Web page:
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1 October 2006 Spring nectar sources for solitary bees and flies in a landscape of deciduous forest and agricultural fields: production, variability, and consumption
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Abstract

Although solitary bees and flies are important pollinators, little information is available on the nectar rewards of flowers they visit or their consumption of them, because small quantities of nectar are difficult to extract and measure. We studied five such plants in deciduous forests and agricultural fields in west-central Indiana, USA: three native forest herbs [Claytonia virginica L., Dentaria laciniata Muhlenb. ex Willd., Erigenia bulbosa (Michaux) Nutt.] and two exotic agricultural weeds [Barbarea vulgaris R. Br., Stellaria media L. (Vill.)], which often grow in close proximity. Using spectrophotometry, we measured daily sugar accumulation (in caged flowers) and standing crops (in uncaged flowers) at two sites on four dates per species. Dentaria laciniata was the most rewarding species (mean daily accumulations: 185–404 µg sugar/flower), followed by moderately rewarding B. vulgaris and C. virginica (24–113 µg sugar/flower) and low-rewarding E. bulbosa and S. media (7–38 µg sugar/flower). The presence of species with similar rewards in both habitats suggests that generalist bee and fly species can be expected to forage in both. Each flower species showed much variation in mean sugar accumulation per flower among population samples and among individual plants. Solitary bees were the most common visitors to all species (47 to 81% of visitation), followed by flies and honey bees. Insects consumed much, but not all (45 to 90%) of daily nectar accumulation by the five species. The more sugar a flower population secreted, on average, the higher its standing crop; visitation did not reduce rewards to a common level.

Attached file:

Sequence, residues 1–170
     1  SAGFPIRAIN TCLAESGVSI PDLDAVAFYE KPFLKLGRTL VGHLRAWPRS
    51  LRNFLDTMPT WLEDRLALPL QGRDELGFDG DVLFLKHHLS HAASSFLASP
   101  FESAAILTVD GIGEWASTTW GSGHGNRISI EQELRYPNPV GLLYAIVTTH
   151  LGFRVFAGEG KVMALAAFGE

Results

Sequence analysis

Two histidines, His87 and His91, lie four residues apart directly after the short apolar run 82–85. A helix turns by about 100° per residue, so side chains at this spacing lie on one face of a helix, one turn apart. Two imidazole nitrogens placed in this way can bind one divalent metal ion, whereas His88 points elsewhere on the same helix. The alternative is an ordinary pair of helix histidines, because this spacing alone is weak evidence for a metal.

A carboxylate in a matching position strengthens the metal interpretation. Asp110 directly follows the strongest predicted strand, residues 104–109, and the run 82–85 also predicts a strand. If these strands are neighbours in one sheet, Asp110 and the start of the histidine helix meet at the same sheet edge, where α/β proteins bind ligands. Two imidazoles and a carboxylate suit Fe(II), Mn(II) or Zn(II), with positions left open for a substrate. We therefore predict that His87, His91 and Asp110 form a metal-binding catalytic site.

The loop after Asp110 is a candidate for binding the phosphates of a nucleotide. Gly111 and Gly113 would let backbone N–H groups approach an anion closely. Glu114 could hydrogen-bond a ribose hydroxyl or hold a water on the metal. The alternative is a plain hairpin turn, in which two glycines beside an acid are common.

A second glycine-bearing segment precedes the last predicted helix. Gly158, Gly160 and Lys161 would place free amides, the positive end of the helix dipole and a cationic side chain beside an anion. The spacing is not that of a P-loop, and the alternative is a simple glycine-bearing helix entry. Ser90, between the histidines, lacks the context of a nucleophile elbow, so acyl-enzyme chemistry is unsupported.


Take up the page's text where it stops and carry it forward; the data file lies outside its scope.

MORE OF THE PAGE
Theresa Bordenkecher Dailey and Peter E. Scott "Spring nectar sources for solitary bees and flies in a landscape of deciduous forest and agricultural fields: production, variability, and consumption," The Journal of the Torrey Botanical Society 133(4), 535-547, (1 October 2006). https://doi.org/10.3159/1095-5674(2006)133[535:SNSFSB]2.0.CO;2
Received: 10 July 2005; Accepted: 1 April 2006; Published: 1 October 2006
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